|Feast||4 January (Eastern Orthodoxy)|
The seventy disciples or seventy-two disciples, known in the Eastern Christian traditions as the seventy apostles or seventy-two apostles, were early emissaries of Jesus mentioned in the Gospel of Luke. The correct Greek terminology is evdomikonta (εβδομήκοντα) apostoli or evdomikonta mathetes.
According to the Gospel of Luke, the only gospel in which they appear, Jesus appointed them and sent them out in pairs on a specific mission which is detailed in the text. The number of those disciples varies between either 70 or 72 depending on the account.
In Western Christianity, they are usually referred to as disciples, whereas in Eastern Christianity they are usually referred to as apostles. Using the original Greek words, both titles are descriptive, as an apostle is one sent on a mission (the Greek uses the verb form: apesteilen) whereas a disciple is a student, but the two traditions differ on the scope of the words apostle and disciple.
The passage from Luke 10 reads (in Douay–Rheims Bible):
'And after these things the Lord appointed also other seventy-two: and he sent them two and two before his face into every city and place whither he himself was to come.
And he said to them: The harvest indeed is great, but the labourers are few. Pray ye therefore the Lord of the harvest, that he send labourers into his harvest.
Go: Behold I send you as lambs among wolves.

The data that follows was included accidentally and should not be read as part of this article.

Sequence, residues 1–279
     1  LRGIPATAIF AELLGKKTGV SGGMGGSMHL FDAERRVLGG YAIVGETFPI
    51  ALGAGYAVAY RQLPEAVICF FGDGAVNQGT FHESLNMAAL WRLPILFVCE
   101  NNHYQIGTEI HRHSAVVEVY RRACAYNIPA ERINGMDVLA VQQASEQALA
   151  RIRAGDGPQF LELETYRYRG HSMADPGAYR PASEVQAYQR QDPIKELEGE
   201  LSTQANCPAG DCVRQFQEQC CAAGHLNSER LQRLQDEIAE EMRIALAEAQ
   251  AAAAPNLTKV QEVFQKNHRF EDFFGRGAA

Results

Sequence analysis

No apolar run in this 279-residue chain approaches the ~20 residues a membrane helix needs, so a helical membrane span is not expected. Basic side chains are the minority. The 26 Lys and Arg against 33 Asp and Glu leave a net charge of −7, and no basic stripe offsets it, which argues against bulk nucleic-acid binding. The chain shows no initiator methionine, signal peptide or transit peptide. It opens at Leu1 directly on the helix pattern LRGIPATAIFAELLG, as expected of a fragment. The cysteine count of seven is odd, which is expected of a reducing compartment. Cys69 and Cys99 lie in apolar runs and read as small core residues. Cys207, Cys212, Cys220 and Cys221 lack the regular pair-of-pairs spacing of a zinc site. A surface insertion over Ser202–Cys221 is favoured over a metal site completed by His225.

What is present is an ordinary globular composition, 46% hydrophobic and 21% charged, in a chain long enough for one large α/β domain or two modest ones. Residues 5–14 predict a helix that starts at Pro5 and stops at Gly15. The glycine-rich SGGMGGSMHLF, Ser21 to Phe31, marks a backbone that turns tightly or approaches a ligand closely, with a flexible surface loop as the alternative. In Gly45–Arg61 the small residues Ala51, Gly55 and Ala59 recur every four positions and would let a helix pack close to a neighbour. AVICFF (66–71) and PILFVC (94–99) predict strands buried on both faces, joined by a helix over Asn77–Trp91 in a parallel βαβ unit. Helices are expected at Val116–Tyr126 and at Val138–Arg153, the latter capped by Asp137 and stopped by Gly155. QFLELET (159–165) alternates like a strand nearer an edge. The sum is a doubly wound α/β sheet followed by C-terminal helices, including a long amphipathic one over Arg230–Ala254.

Carry neither purse, nor scrip, nor shoes; and salute no man by the way.
Into whatsoever house you enter, first say: Peace be to this house.
And if the son of peace be there, your peace shall rest upon him; but if not, it shall return to you.
And in the same house, remain, eating and drinking such things as they have: for the labourer is worthy of his hire. Remove not from house to house.
And into what city soever you enter, and they receive you, eat such things as are set before you.
And heal the sick that are therein, and say to them: The kingdom of God is come nigh unto you.
But into whatsoever city you enter, and they receive you not, going forth into the streets thereof, say:
Even the very dust of your city that cleaveth to us, we wipe off against you. Yet know this, that the kingdom of God is at hand.
I say to you, it shall be more tolerable at that day for Sodom, than for that city.
Woe to thee, Corozain, woe to thee, Bethsaida. For if in Tyre and Sidon had been wrought the mighty works that have been wrought in you, they would have done penance long ago, sitting in sackcloth and ashes.
But it shall be more tolerable for Tyre and Sidon at the judgement, than for you.
And thou, Capharnaum, which art exalted unto heaven, thou shalt be thrust down to hell.
He that heareth you, heareth me; and he that despiseth you, despiseth me; and he that despiseth me, despiseth him that sent me.
And the seventy-two returned with joy, saying: Lord, the devils also are subject to us in thy name.
And he said to them: I saw Satan like lightning falling from heaven.
Behold, I have given you power to tread upon serpents and scorpions, and upon all the power of the enemy: and nothing shall hurt you.